5) Lack of Understanding
As an example model, when ChatGPT generates a human-like response, it's not a result of understanding the content in the way humans do. Instead, it's drawing upon patterns in the data it was trained on (which as covered in point 3, is not always accurate for the same reasons, such as GIGO). Sure, it can mimic intelligence, but it doesn't genuinely comprehend the concepts it's discussing.
6) No Emotional or Social Intelligence
AI lacks emotional and social intelligence. It can't empathise with your feelings or understand the nuances of social interactions. It can generate text that might sound empathetic, but it's devoid of genuine emotional awareness.
7) No Common Sense or Critical Thinking
ChatGPT often struggles with common sense reasoning and critical thinking. It can provide plausible-sounding answers even when they're incorrect or nonsensical. Human intelligence relies on a deep understanding of context and the ability to critically evaluate information.
8) Limited Creativity
AI can assist in creative tasks, but it doesn't truly innovate or have original ideas. Any creative output from AI is a result of blending existing patterns or data, not true inspiration or artistic creativity.
AI can excel in specific areas but lack the comprehensive, adaptable, and multifaceted intelligence that defines human cognition. In fact, chances are, the AI model was trained on the IQ test data, or at least a very similar version. You would look intelligent if you had and/or could predict all the exam answers too. Most of the IQ tests are predictable, or have already been analysed millions of times by the model. In fact, the data they were trained on might not even be reflective of real-world conditions.
Relying soley on AI for Cyber Security is a terrible idea
Okay, I just want to preface this section by saying machine learning (or AI) is actually a very helpful tool - but let's not pretend that it has any intelligence (hence Artificial Intelligence), self-awarness, or conciousness - this is why relying soley on AI for cyber security is a terrible idea, and will never work. Though, there are some essential elements of cyber security which AI is good at in this context, given its fast ability to analyse and find patterns in data:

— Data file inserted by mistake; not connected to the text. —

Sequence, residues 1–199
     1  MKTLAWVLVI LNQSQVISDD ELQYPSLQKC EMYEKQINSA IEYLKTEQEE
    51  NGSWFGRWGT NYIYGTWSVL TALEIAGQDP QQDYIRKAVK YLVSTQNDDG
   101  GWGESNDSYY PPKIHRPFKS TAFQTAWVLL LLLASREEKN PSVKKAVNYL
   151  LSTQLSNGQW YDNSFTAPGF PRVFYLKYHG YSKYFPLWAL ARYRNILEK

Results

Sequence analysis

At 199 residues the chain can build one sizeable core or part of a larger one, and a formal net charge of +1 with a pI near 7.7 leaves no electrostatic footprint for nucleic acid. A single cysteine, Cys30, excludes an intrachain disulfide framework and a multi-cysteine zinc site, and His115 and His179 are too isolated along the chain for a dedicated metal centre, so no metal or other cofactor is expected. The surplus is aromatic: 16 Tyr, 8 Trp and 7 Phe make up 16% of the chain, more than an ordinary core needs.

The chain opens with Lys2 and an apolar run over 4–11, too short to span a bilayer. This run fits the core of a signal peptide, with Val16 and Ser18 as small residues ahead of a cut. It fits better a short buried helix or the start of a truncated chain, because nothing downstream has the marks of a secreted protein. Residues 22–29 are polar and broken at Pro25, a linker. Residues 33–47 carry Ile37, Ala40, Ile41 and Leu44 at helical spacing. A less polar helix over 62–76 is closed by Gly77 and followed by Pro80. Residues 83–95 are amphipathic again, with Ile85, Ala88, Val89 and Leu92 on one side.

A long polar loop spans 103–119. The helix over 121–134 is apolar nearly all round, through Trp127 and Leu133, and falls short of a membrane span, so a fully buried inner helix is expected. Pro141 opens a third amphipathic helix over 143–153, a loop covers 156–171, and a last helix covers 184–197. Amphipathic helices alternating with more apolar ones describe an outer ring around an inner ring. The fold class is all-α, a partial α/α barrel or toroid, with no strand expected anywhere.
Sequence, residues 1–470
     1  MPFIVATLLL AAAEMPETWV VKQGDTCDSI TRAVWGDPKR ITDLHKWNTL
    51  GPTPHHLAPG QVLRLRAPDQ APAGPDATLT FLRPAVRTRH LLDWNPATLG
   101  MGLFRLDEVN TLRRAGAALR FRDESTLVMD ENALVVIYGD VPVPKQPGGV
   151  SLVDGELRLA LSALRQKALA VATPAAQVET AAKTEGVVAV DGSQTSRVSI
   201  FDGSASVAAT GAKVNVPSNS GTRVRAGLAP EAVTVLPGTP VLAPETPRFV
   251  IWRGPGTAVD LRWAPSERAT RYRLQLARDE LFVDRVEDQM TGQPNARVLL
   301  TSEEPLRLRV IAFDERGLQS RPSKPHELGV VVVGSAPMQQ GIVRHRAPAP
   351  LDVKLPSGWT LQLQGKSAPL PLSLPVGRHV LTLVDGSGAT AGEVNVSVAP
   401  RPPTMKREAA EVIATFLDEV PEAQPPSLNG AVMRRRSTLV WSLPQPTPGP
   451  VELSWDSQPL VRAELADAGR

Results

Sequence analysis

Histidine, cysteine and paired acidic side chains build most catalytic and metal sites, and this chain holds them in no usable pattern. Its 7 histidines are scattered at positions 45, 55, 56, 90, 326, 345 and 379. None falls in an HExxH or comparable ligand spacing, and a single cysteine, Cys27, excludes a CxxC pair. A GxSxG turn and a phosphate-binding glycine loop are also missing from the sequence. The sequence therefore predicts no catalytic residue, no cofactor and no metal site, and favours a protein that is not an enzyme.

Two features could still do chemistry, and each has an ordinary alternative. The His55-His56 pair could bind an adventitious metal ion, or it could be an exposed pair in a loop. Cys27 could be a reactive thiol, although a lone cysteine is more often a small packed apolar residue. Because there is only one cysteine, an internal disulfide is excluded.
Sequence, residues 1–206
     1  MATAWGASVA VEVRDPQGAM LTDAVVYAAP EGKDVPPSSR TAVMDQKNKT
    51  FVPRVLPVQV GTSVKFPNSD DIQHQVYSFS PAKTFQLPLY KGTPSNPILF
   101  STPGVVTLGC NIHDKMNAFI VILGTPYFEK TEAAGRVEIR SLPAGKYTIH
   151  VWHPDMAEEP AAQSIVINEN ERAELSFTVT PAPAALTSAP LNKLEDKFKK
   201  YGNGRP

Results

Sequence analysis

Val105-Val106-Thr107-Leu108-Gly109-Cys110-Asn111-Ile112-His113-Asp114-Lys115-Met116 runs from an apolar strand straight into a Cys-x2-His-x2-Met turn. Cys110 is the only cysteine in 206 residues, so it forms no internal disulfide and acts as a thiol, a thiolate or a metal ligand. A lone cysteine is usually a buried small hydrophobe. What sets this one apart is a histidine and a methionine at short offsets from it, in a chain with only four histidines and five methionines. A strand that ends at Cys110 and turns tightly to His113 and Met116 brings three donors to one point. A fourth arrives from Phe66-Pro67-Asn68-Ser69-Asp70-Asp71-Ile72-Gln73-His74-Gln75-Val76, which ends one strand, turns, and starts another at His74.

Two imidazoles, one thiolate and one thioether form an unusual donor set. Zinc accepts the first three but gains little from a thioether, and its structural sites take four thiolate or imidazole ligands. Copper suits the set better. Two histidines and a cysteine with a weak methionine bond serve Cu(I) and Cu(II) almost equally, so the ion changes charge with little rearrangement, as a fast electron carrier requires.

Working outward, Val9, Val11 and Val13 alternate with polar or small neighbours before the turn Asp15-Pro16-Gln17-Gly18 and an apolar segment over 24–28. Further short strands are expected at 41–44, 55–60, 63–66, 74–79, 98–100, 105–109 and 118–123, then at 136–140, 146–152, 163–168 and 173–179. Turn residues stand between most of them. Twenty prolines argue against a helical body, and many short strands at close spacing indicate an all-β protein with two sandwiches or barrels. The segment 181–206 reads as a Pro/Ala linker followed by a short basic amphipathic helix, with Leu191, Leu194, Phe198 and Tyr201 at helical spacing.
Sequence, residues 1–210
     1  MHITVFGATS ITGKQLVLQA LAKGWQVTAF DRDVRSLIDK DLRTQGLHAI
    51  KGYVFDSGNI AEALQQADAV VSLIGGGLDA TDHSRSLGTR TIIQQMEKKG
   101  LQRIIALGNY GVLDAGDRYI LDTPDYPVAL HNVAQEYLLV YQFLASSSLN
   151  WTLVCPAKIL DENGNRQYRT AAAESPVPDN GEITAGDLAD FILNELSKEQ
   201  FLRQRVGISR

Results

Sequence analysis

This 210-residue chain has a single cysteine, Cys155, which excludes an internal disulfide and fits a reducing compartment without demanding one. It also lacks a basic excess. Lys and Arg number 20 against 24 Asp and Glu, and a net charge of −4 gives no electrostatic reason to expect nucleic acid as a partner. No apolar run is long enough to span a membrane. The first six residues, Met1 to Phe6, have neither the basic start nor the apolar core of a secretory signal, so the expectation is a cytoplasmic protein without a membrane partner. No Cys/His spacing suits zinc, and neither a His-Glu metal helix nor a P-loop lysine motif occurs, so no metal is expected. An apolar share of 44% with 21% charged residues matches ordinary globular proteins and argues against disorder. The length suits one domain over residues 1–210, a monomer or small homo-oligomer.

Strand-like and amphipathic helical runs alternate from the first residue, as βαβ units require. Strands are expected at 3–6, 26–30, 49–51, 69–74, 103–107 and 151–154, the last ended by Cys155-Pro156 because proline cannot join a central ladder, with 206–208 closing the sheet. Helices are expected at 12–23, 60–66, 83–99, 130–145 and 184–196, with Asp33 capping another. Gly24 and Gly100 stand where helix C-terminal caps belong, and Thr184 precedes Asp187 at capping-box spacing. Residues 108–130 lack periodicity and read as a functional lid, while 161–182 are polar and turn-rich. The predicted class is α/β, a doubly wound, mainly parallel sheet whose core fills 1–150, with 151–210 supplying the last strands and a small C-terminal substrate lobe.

1) Threat Detection and Analysis
AI excels at sifting through enormous volumes of data to identify patterns and anomalies. It can continuously monitor network traffic, log files, and system behaviour to detect unusual activities that may indicate a cyber threat. This speed and scalability make it invaluable for real-time threat detection. Check out this article from Forbes:
2) Behavioral Analysis
AI can analyse user and entity behavior to establish a baseline of what is normal in a network or system. When it detects deviations from this baseline, it can trigger alerts, helping cybersecurity teams investigate potential threats more efficiently. This article from Crowdstrike (2023) explains it really well:
3) Predictive Analytics
Machine learning models can predict potential vulnerabilities or attacks by analysing historical data. They can provide early warnings and enable proactive mitigation measures. Muhammad Hassan (2023) explores this further:
4) Malware Detection
AI-powered anti-malware systems can quickly identify and quarantine known malware strains and even identify new, previously unseen threats based on behavioral patterns. Isla Sibanda (2023) recently explored advanced malware detection using AI-powered tools:
5) Phishing Detection
AI can analyse email content and sender behavior to identify phishing attempts, protecting users from clicking on malicious links or downloading infected attachments. Phishing usually effects our most vulnerable users as well as businesses. According to IBM (2023), the global average cost of a data breach in 2023 was $4.45 million USD, with around ~36% of all data breaches last year involving phishing (Cveticanin, 2022).
A really amazing preliminary paper on detecting phishing attacks using machine learning from the University of North Carolina found to be highly accurate;